11:54 pm
many others, and henry friendly believed that the law was different from politics. and so do you and so do i and we are lucky. >> i have a question. yes?mar: >> have any justices been impeached and how would you do it if you could? i have a couple in mind. theamar: remember in 1960's, i told you that the court was reviled by the right. the john birch society and others. major bumper stickers -- chef but i missed those. dr. amar: you shouldn't have. you were an infant. impeachh earl warren -- earl warren." john marshall is afraid if he actually orders thomas jefferson
11:55 pm
jefferson appoints this guy marbury to this position. that is what marbury is all about. he says, i want you to order jefferson's wing man, secretary of state, i want you to order madison, to give him this piece of paper saying use a judge. remember, adams was trying to all the judiciary on with of these federalist types. marshall is afraid if he does that, he's going to be impeached and convicted. that is actually only the second worst scenario. the best scenario is he would be ignored and made a fool of. second best he will be impeached. i will tell you why he thinks that. other possible scenario -- remember, we have an advantage. we know how history turns out. he doesn't. thomas jefferson is in france. he says things about the french
11:56 pm
revolution. the tree of liberty must be watered by the blood of tyrants. he does not know that this guy is not going to be a hugo chavez type. jefferson does a lot of, you know, that crazy stuff -- c-span is here. he might be?nking he doesn't. he says jefferson is all of these horrible things, but too bad we do not have jurisdiction. >> what is the process? i will tell you who was impeached. a justice who sat on the marbury versus madison court. in man named chase. ase, but samuelh chase. it is the same process as any other impeachment. a majority of the house and two thirds vote of the senate. the present precise -- who would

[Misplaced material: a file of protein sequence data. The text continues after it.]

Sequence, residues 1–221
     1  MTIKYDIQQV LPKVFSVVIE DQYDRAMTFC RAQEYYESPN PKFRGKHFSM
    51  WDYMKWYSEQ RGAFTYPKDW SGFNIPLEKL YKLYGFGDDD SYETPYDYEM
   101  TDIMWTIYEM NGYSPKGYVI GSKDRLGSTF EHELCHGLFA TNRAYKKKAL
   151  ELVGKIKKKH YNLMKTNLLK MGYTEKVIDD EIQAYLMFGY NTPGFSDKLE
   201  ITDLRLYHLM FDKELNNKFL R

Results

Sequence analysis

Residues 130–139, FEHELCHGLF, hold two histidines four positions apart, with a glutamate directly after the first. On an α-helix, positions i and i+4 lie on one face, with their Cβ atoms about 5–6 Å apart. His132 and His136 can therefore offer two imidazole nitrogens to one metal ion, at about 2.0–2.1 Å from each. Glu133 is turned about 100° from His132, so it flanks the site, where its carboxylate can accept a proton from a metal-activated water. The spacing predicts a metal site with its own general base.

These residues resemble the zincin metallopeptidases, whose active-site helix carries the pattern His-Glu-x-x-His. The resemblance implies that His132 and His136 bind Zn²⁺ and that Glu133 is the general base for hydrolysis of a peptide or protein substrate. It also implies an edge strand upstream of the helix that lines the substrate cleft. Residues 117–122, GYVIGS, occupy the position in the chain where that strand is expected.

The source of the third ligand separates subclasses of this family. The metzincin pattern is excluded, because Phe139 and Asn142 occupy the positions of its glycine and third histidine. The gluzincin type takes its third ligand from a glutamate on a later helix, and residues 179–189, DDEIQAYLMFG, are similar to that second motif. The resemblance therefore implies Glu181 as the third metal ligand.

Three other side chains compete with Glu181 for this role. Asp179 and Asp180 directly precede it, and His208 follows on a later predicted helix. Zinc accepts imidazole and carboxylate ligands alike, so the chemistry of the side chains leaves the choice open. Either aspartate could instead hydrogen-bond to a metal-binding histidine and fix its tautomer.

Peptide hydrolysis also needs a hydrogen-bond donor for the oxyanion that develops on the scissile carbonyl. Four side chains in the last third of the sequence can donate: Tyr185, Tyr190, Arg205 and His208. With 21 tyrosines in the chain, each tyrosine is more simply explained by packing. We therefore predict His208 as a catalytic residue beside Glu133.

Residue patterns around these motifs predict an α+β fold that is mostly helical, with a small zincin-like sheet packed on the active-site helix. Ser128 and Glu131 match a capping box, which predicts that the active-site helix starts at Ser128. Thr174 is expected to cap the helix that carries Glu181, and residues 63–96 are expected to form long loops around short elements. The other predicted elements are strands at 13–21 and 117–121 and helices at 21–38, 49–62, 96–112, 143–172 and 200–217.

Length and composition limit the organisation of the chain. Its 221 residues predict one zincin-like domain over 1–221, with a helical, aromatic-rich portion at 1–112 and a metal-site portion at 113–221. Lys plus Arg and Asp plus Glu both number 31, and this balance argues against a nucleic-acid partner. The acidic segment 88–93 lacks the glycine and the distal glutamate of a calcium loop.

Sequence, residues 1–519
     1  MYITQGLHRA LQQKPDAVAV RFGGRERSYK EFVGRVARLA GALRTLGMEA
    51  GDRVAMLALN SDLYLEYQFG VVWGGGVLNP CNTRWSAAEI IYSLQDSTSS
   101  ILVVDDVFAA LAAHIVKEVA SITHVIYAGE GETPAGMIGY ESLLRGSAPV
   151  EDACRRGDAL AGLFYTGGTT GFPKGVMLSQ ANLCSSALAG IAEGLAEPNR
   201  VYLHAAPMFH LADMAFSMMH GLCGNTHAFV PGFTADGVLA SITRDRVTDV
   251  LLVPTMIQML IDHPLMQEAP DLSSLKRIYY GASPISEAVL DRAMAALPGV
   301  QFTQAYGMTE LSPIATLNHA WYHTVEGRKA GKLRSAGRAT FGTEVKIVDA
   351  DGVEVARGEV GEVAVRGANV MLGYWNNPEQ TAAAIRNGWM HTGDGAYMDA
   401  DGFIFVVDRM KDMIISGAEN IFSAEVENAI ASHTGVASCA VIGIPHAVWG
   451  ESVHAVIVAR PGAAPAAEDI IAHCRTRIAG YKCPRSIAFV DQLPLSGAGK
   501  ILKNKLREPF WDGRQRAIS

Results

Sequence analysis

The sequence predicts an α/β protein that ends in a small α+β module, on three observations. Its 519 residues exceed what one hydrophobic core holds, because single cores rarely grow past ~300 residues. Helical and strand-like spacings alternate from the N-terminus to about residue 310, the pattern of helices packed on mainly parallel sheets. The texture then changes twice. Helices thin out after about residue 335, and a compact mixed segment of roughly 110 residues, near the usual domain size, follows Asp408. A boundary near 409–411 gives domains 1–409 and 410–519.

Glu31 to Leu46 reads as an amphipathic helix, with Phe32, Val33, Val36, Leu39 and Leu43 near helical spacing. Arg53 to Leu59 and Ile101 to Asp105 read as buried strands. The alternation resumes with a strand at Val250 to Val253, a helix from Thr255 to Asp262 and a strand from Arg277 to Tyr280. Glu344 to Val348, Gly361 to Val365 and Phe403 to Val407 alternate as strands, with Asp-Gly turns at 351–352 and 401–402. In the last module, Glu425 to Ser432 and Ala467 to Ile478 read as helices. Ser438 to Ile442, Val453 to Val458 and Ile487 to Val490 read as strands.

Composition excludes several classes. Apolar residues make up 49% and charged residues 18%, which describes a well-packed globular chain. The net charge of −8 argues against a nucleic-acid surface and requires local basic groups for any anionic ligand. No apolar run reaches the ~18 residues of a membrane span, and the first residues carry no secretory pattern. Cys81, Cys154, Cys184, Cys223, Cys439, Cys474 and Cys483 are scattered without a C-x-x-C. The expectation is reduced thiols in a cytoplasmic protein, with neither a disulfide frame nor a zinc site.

11:57 pm
preside? the vice president would have a conflict of interest. , thevery other impeachment chief justice does not reside. the georgia house, two thirds of the senate -- i myself have been involved in the impeachment, as advisor, of a lower court justice he was basically a crook -- who was basically a creek. convicted and outfitted. ousted.cted and here is what chase did. he was a federalist and way partisan. he threw the book at who spoke out against john adams. he threw the book at them in under the alien and sedition act. he was a little too vigorous in forcing these additional act. hear thenot let juries
11:58 pm
constitutional defenses of the defendant. he was a little too vigorous and all of that. he gave political speeches. , and therempeached was an earlier federal judge who was impeached and removed. critics say he was abusive of power. defenders said maybe he was just drunk. he was an old guy. we would say today maybe he was suffering from dementia and alzheimer's. case decidedt your by a judge with dementia? chase is impeached. he is almost convicted. i have to tell you the story -- i know -- they told me you guys like stories. here is the greatest story. at the same time that chase is being impeached for his partisan has killed burr
11:59 pm
alexander hamilton in a duel. is the vice president of the united states. he presides over the senate and therefore the impeachment trial .f chase in most countries the murderer is arraigned before the judge. but in our country, we have the judge of being arraigned before the murderer. thank you very much. [applause] [captioning performed by the national captioning institute, which is responsible for its caption content and accuracy. visit ncicap.org] [captions copyright national cable satellite corp. 2016] >> you're watching american history tv. all weekend, every weekend on c-span 3. to join the conversation, like us on facebook. @cspanhistory. campaign 2016 bus travels winners of to visit
12:00 am
the student can competition. recently the bus stopped in massachusetts. the school in foxbo rough for recognizing honorable mention winners and a video called veteran services. they were honored in front of their classmates, family members, and local elected officials are receiving $250 for the winning video. a special thanks to our cable partners. you can view all the winning documentaries at student cam.org. >> on lectures in history, university of colorado boulder teaches a class on how the rise of

32 Views

info Stream Only

Uploaded by TV Archive on